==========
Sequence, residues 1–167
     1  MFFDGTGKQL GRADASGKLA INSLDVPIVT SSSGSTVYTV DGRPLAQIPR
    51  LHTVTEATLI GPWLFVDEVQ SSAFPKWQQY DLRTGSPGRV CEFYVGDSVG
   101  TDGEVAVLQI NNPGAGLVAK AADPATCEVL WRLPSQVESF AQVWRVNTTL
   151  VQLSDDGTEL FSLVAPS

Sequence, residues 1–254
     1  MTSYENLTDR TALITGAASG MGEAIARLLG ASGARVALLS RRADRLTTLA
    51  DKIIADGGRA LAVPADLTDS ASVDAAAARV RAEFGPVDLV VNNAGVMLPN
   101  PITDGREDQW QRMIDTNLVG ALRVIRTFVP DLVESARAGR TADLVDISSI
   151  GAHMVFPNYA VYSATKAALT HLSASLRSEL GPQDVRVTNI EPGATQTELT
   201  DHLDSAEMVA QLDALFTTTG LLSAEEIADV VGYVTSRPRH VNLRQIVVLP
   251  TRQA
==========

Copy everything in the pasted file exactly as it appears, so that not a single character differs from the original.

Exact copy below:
Sequence, residues 1–167
     1  MFFDGTGKQL GRADASGKLA INSLDVPIVT SSSGSTVYTV DGRPLAQIPR
    51  LHTVTEATLI GPWLFVDEVQ SSAFPKWQQY DLRTGSPGRV CEFYVGDSVG
   101  TDGEVAVLQI NNPGAGLVAK AADPATCEVL WRLPSQVESF AQVWRVNTTL
   151  VQLSDDGTEL FSLVAPS

Sequence, residues 1–254
     1  MTSYENLTDR TALITGAASG MGEAIARLLG ASGARVALLS RRADRLTTLA
    51  DKIIADGGRA LAVPADLTDS ASVDAAAARV RAEFGPVDLV VNNAGVMLPN
   101  PITDGREDQW QRMIDTNLVG ALRVIRTFVP DLVESARAGR TADLVDISSI
   151  GAHMVFPNYA VYSATKAALT HLSASLRSEL GPQDVRVTNI EPGATQTELT
   201  DHLDSAEMVA QLDALFTTTG LLSAEEIADV VGYVTSRPRH VNLRQIVVLP
   251  TRQA